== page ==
When all Probabilitys are added up, the end result for the probability that you get B, B is the same.
p = 1/2 * p[path 1] + 1/2 * p[path 2]
p = 1/2 * 1/3 + 1/2 * 1/3 = 1/3

Comment Re:Ksplice ... go figure (Score 1) 277

No, he didn't "see" a random memory error. Maybe you can see them, i sure as hell can not.

He noticed a program had stopped working for unexplained reasons, and did some pretty nifty debugging to get to the bottom of it. Yes, i'd have rebooted too. But not because i think that what he did was a waste of time, just wouldn't have known how to do it.

And as for memtest, yes you can use it to find out if you have really shitty ram. But it's no magic wand, what if the ram is working mostly fine, and an error appears on average only once a year? You'd have to run memtest for years to test for that with certainity, and what's the point of having a computer then if you can't use it?

What i found funny btw is the hostname "psychotique", no wonder it is giving problems.

Comment Re:Please get your facts right in TED talks! (Score 1) 398

11:50 "Open source software. These guys decided they didn't want copyright protection. They thought it'd be more innovative without it."

Replace "copyright protection" by "to use their exclusive rights granted by a copyright to prevent others from selling copies of their product". I don't know if this definition is technically correct, but from the context of her speech i think it was what she actually meant. Maybe it was prone for misunderstanding, that some people might think that OSS is PD, but i think your categorical "False" is too harsh a judgement.

Comment Re:but... but... (Score 1) 363

Medicine is heavily regulated, no free market there

Of course, if you remove those regulations you get tons of quacks ripping people of. So they are propably there for a good reason. But when it takes millions and millions just to get the paperwork done to start some trials, it seems the bureaucracy is overblown currently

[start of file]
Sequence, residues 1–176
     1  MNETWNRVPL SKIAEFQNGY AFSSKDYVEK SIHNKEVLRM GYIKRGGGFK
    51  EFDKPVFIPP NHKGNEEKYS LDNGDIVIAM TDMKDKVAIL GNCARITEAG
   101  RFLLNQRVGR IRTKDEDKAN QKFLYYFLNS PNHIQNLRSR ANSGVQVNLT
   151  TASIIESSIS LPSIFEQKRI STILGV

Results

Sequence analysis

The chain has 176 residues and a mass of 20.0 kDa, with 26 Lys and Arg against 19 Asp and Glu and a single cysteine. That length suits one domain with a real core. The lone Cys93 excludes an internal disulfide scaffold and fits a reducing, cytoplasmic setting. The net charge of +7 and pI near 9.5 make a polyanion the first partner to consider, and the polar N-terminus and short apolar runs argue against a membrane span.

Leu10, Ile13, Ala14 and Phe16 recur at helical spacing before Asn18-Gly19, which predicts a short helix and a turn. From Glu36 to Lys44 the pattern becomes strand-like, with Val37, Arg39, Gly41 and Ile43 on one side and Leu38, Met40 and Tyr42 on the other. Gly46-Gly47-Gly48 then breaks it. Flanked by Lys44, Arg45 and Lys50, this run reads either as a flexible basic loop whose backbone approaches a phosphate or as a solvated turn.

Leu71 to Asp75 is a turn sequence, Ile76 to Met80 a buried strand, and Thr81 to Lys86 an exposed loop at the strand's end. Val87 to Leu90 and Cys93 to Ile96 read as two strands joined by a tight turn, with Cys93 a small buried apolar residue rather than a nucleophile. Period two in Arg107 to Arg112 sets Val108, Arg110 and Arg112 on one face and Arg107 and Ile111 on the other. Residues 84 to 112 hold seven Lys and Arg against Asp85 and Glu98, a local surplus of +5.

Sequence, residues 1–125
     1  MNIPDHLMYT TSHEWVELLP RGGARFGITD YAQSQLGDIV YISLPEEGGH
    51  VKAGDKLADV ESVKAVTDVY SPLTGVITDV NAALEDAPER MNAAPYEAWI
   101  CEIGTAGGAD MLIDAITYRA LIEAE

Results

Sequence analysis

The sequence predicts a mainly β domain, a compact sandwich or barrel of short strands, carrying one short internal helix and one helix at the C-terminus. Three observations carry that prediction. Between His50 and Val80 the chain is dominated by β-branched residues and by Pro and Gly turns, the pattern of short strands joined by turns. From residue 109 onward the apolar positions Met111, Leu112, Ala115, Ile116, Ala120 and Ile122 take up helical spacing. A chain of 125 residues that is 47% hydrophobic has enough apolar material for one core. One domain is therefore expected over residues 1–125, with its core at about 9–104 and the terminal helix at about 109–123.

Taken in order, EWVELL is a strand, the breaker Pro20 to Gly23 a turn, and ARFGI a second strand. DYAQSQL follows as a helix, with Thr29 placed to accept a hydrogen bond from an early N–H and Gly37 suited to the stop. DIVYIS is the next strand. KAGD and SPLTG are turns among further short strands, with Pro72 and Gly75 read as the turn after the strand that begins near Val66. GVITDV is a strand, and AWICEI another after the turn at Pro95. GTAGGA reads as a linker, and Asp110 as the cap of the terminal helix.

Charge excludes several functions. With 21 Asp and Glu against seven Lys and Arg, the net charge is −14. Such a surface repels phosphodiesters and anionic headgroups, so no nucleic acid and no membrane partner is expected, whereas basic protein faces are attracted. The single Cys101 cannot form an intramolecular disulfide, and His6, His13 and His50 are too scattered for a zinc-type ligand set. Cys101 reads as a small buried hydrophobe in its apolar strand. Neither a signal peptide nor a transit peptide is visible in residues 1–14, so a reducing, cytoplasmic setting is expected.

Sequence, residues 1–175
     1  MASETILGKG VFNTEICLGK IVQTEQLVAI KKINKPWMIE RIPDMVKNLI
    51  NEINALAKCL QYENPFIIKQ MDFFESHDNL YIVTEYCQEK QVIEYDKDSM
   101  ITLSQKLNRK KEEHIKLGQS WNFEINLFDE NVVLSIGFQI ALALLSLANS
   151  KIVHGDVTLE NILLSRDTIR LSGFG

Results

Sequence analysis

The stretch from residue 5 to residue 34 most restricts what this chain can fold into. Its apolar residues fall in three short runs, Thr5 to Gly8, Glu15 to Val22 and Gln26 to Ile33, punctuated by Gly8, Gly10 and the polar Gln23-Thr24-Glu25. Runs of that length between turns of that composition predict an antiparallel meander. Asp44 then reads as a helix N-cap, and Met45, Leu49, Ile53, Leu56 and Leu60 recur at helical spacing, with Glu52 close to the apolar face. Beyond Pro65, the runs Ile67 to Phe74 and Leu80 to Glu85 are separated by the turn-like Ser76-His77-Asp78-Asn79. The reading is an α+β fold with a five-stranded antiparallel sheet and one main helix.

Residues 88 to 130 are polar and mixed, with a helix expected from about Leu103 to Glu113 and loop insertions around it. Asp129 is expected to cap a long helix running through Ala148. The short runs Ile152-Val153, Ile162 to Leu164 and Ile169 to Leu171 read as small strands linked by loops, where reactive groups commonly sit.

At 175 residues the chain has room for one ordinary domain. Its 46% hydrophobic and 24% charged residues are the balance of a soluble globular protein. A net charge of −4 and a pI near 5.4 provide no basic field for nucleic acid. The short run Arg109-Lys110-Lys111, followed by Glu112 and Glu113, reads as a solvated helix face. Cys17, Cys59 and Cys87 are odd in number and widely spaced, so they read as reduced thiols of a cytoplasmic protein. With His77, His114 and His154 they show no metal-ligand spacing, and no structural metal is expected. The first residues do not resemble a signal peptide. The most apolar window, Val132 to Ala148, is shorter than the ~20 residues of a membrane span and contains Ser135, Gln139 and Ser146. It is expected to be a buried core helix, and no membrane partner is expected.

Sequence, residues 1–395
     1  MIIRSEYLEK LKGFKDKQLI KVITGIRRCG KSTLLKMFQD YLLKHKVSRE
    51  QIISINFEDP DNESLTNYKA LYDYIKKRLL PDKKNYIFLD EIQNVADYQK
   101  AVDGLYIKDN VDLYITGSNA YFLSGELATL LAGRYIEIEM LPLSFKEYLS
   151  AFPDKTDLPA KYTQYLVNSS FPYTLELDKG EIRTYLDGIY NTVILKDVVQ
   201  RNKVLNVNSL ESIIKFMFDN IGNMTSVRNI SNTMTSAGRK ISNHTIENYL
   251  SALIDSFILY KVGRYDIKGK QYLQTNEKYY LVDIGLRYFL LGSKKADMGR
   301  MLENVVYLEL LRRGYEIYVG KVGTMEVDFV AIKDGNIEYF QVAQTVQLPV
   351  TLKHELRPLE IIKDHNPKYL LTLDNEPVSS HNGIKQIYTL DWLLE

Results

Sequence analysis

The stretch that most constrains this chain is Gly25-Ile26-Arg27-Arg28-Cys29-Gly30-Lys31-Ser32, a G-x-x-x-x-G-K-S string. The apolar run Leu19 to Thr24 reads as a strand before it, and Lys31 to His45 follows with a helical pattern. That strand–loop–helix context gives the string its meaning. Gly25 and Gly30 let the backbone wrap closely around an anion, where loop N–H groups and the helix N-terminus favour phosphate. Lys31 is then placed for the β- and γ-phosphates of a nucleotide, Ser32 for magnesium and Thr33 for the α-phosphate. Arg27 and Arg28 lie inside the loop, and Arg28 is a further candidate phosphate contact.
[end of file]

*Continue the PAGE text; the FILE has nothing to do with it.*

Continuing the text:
Submission + - Indie pay what you want Bundle Reaches $1 Million (

Spinnacre writes: The week long "Humble Indie Bundle," a pay what you feel adequate promotion reached a million dollars in total contributions with only 50 minutes of sale time remaining. For a minimum price of a cent, gamers could get DRM free downloads for World of Goo, Gish, Aquaria, Lugaru and Penumbra: Overture and Samorost 2.
The bundle gained great success immediately after being featured on sites such as Ars Technica and Slashdot for followup blog posts about game piracy and multi platform gaming.

Comment Re:Bloatware? (Score 3, Informative) 246

If you ever look at :version, it spits out this huge list of features, each with a "+/-" in front.

I suppose when you build your own custom verion, there is a way that you can configure your version to leave most of those features out.

In fact debian seems to have done just that, they ship "vim.tiny" in the base install with just 640k, which should be enough for everyone.

Comment Re:Potential censorship? (Score 1) 169

1) they still showed it - It was not censored, the fine was after the fact

2) you can see far more explicit content on US TV (Cable)

All the hand-wringing, apologies, and remedies to stop it happening again were done by the TV company before the FCC were involved, the fine was incidental

Do you really think the FCC would or could shut down a national network TV station?